Wisconsin sought to learn from the Standing Rock protests for containment of their own similar future actions.
(REPORT) — As Dakota Access police operations intensify, Wisconsin State Patrol has deployed a second officer group. This occurs shortly following raids on some of the last well-entrenched water protector camps. It’s also a move seemingly contrary to the reason Wisconsin authorities returned the first group home.
The deployment of 17 WSP (Wisconsin State Patrol) personnel syncs with a government-imposed deadline for protests to end. Similar to a blockade of food, water, and supplies months ago, this new eviction is framed as a safety precaution. US Army Corps of Engineers, Wisconsin State Journal reports, expressed concerns of “spring flooding”.
Following eviction orders, 150 protesters marched out arm-in-arm. According to Wisconsin State Journal, ceremonial fires were lit shortly before arrests began. Numerous sources have reported about 10 water protectors arrested for not leaving.
Officials claim the 17 WSP personnel volunteered for a nine-day stint at the reservation. According to Wisconsin State Journal, a Wisconsin DOT (Department Of Transportation) memo touted WSP as “well trained and experienced in protecting the (protesters) constitutional rights”. The memo, reputedly from the office of Senator Jon Erpenbach D-Middleton, also cited talents with “public safety in emotional situations.”
Currently, personnel are arriving as arrests, raids, and surveillance continues. It’s a familiar dynamic to their last deployment, coinciding with mass arrests. Last time, Wisconsin law enforcement pulled out after mass outrage back home. That force coalesced over 40 officers from various departments, including WSP. According to officials, residents didn’t agree with their police protecting a pipeline instead of their communities.
Upon returning, however, Wisconsin EMAC (Emergency Management Assistance Compact) produced a telling after-action report. EMAC’s function as agreements between states to help one another during natural disaster scenarios. What set North Dakota’s EMAC requests apart was their targeting of peaceful, albeit massive, political demonstrations. Conventionally speaking, EMAC isn’t intended for civic containment.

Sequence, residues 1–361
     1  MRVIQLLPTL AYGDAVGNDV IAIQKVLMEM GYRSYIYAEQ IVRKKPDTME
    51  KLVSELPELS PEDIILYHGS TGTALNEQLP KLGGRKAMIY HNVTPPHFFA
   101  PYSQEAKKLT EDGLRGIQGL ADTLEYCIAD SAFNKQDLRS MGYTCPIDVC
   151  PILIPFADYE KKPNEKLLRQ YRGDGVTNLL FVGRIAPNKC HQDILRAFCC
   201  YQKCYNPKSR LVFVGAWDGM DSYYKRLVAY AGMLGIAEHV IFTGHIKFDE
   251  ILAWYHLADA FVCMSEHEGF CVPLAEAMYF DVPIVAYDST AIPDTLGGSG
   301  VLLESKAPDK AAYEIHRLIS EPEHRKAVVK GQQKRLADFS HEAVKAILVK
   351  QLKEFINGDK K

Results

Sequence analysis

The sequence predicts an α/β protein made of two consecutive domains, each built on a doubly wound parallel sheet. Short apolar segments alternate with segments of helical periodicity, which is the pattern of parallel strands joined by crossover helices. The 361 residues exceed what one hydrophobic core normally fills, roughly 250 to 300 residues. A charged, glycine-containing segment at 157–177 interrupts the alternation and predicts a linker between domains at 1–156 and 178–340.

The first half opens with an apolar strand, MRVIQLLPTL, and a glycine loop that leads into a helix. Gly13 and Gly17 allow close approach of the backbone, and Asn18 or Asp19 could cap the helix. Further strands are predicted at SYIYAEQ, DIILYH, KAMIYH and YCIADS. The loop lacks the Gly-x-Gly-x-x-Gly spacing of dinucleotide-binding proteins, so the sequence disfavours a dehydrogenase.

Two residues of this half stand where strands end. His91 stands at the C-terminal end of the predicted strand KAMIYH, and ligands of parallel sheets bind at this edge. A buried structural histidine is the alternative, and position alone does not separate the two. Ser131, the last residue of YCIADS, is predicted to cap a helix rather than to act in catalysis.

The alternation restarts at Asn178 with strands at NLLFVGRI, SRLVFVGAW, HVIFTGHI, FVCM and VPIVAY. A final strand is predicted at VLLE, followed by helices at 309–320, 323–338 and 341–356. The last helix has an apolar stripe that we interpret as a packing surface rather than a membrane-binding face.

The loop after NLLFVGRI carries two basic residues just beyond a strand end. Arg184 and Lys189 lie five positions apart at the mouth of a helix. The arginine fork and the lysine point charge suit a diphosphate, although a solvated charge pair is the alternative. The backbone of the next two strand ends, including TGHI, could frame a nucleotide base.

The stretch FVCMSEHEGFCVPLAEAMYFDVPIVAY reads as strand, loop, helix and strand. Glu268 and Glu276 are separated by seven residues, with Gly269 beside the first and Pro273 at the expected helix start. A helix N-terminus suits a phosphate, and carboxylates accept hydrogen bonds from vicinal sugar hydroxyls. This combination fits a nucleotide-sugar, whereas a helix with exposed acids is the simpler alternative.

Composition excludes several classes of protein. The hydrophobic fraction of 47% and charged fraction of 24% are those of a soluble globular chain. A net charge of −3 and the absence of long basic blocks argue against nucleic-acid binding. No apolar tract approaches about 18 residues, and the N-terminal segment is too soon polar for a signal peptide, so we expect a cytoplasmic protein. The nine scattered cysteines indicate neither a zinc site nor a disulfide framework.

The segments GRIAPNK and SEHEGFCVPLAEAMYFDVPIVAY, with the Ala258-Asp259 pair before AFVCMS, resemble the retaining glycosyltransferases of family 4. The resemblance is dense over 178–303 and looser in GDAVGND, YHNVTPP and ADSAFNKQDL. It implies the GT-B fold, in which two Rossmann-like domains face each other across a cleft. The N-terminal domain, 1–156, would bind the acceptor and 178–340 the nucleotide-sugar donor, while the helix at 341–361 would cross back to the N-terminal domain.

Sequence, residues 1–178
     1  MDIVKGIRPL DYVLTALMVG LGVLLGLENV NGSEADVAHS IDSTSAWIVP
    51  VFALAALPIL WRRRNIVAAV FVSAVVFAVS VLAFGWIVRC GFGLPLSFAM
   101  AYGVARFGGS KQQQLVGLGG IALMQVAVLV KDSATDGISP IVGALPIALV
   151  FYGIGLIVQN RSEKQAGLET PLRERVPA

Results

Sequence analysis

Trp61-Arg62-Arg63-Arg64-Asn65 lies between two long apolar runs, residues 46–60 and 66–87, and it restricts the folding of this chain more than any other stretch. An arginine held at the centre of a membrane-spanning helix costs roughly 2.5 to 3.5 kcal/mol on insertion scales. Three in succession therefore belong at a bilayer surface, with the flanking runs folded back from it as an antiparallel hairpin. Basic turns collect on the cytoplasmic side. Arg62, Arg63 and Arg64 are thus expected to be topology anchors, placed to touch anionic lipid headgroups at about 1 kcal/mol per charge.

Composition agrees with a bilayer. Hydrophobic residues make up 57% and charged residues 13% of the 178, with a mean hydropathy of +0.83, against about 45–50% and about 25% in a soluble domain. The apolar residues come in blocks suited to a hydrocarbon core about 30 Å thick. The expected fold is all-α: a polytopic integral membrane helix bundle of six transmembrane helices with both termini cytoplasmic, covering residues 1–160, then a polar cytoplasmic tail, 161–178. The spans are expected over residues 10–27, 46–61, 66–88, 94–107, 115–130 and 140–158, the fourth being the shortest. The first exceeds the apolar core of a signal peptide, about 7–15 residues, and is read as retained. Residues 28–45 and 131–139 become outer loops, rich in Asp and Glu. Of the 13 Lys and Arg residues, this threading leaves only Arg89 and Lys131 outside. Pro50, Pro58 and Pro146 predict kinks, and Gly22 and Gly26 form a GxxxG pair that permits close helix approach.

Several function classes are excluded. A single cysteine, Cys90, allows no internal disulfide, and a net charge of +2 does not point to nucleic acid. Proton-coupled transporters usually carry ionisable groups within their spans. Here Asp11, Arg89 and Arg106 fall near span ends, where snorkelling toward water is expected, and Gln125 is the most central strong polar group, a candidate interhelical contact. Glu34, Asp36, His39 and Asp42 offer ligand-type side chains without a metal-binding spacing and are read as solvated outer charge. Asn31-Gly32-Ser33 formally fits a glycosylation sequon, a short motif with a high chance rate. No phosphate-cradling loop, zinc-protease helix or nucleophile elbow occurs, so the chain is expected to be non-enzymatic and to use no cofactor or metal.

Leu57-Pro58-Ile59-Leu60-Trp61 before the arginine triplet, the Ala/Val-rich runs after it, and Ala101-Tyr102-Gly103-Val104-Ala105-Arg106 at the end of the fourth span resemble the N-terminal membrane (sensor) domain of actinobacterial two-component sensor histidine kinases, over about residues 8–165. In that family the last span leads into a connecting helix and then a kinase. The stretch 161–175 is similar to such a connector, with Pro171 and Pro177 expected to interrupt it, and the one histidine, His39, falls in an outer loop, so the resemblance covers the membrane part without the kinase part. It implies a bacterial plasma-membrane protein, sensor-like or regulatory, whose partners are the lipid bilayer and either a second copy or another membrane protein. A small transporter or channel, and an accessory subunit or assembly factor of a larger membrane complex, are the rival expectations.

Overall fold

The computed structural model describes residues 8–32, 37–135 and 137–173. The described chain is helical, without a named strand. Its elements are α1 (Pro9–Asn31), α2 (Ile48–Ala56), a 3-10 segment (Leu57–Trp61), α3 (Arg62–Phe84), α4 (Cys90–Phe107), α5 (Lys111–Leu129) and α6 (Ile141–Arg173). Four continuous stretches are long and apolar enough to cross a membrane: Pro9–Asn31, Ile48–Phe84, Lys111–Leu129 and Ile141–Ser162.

Nevertheless, Wisconsin sought to learn from Standing Rock for similar future actions. The Fifth Column News covered these recommendations, among which included training officers in videography.
In the most recent DAPL (Dakota Access Pipeline) raids, officers are doing just that. As water protectors were apprehended, masked officers can be seen shoving large camera’s in their faces.
It’s currently unknown, however, if the EMAC recommendations are being field tested in WSP’s latest deployment. Despite this, other facets of WSP’s recent deployment overlap with EMAC’s after-action. Namely, the use of volunteer’s was shown to improve the morale of the group. According to Wisconsin State Journal, the officers sent to Standing Rock were all volunteers.
Fifth Column journalists were also able to get in contact with a water protector who’d live streamed raids at the beginning of February. Shiyé Bidzííl filmed as authorities forced protesters from hilltop ceremonial sites, and extinguished sacred fires. New blazes were then lit by officers, which many incorrectly believed were tipis. In fact, even Bidzííl said on camera that they didn’t know what the officers burned, or why.
Police vehicles, including armored carriers, then rolled past the Last Child Camp–a main target of eviction orders. Although no clashes occurred, officers did sport Trump 2016 stickers on some vehicles which made protesters uneasy. Officers then left for the opposite hills, setting up entrenched positions until raiding the camp days ago. The Fifth Column reached out to Bidzííl, who agreed to comment for a piece. A lack of response from Bidzííl, however, hopefully isn’t indicative of an arrest.
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